The Suffering of Egypt’s Transgender Community

Letter from Cairo

A woman walks along the sand dunes as the sun sets over rocks in the White Desert north of the Farafra Oasis, southwest of Cairo, Egypt, May 2015.  Abdallah Dalsh / REUTERS

Yara would wake up every day to face the same agonizing question of what to wear. Unlike for many other women, however, this was not a question of picking between a dress, a skirt, or pants. For her, it was about dressing to avoid stares. Yara is a transgender woman in Egypt, and after years of hormonal treatment, she has been forced to live a double life, picking clothing to mask her transitioning body. “I wanted to avoid another beating,” Yara said, explaining how in 2009 a dozen men had surrounded and beat her based on her appearance. Two years later, she was beaten a second time, this time by state security forces.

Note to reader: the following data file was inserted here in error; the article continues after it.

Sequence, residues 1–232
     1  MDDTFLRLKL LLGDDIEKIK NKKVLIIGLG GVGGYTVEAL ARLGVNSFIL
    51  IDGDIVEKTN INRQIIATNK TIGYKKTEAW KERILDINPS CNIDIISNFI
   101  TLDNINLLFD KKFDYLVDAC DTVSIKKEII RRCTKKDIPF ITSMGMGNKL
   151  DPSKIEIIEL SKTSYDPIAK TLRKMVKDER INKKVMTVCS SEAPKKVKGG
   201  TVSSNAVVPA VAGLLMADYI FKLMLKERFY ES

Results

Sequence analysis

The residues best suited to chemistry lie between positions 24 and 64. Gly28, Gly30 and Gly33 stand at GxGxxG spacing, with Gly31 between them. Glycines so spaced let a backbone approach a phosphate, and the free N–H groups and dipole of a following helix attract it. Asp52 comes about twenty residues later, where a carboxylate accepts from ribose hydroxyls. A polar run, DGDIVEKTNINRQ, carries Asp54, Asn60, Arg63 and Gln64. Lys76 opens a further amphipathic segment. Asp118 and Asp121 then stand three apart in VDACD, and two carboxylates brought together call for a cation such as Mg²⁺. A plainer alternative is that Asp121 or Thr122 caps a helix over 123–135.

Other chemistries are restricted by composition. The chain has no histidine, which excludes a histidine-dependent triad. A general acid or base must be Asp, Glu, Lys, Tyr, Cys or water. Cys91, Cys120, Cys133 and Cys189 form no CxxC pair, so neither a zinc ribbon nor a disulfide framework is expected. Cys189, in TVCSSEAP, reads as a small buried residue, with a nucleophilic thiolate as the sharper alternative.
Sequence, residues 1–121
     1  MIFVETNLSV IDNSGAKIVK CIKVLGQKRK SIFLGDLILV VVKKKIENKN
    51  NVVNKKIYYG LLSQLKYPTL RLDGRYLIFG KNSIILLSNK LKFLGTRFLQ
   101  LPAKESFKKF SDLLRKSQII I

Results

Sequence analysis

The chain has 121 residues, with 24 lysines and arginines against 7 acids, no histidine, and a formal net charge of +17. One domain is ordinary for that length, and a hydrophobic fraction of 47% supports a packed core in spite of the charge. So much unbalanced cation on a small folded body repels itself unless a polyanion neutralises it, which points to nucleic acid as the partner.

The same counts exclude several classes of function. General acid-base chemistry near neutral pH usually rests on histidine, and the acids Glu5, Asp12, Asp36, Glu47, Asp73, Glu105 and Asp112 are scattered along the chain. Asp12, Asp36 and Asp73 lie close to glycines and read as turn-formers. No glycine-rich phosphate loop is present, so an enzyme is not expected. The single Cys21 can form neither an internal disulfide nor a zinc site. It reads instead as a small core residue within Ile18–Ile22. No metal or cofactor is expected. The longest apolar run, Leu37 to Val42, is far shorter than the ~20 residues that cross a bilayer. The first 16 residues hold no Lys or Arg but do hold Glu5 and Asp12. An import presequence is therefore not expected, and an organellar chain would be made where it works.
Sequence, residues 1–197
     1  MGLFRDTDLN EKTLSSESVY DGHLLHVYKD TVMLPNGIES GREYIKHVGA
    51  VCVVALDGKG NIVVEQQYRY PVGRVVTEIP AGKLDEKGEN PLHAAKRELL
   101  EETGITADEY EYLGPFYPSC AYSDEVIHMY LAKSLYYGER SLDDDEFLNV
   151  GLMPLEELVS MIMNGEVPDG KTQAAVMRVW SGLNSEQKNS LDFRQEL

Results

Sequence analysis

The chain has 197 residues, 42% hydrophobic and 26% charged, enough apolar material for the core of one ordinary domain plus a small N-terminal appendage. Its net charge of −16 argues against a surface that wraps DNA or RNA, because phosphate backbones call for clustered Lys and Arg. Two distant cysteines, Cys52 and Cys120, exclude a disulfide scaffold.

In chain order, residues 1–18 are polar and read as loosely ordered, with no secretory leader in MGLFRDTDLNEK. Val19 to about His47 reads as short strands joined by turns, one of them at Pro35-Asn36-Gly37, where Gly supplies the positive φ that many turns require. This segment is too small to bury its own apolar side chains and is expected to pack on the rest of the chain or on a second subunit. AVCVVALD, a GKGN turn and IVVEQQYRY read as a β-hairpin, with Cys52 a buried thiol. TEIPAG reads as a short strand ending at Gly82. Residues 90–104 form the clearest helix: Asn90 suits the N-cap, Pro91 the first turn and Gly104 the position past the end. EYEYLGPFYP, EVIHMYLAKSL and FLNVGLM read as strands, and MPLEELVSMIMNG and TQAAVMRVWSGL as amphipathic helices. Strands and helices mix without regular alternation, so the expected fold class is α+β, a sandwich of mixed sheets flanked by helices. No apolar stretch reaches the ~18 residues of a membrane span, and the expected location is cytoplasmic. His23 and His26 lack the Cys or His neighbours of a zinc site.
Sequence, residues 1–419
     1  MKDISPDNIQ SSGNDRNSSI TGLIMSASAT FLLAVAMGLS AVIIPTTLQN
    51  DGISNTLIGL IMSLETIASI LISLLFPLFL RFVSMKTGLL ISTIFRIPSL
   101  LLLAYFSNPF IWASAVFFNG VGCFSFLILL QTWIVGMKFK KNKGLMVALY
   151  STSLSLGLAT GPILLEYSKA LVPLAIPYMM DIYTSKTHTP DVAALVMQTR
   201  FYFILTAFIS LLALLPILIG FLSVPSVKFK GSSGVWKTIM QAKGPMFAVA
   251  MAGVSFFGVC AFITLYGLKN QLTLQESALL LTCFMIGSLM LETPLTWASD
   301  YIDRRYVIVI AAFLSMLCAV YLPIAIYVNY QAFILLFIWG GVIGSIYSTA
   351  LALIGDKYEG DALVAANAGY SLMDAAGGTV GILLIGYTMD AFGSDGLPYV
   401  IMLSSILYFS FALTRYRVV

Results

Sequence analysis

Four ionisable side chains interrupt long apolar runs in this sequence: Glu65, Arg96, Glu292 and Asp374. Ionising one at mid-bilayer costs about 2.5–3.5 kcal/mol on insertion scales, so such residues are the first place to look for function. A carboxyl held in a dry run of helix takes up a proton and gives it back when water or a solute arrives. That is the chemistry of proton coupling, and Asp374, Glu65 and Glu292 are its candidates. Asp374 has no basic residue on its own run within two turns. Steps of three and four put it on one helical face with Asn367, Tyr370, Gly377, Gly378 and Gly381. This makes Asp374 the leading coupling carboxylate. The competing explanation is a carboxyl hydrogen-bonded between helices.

Yara began her path to transition in 2012, when she was 21 years old, after years of feeling like she was living in the wrong body. Because of the general lack of awareness about gender dysphoria in Egypt, many transgender

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